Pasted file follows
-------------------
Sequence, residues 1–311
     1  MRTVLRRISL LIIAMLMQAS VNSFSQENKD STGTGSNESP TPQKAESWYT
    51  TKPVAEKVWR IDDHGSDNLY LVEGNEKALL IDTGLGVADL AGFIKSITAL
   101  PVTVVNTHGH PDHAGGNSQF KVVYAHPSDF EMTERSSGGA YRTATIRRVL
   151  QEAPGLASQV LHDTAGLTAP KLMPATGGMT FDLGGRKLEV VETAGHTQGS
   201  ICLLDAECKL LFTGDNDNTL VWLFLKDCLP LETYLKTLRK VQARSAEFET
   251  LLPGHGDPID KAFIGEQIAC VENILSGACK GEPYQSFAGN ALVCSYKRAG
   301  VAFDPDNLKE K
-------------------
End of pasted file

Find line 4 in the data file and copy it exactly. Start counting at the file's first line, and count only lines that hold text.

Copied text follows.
   101  PVTVVNTHGH PDHAGGNSQF KVVYAHPSDF EMTERSSGGA YRTATIRRVL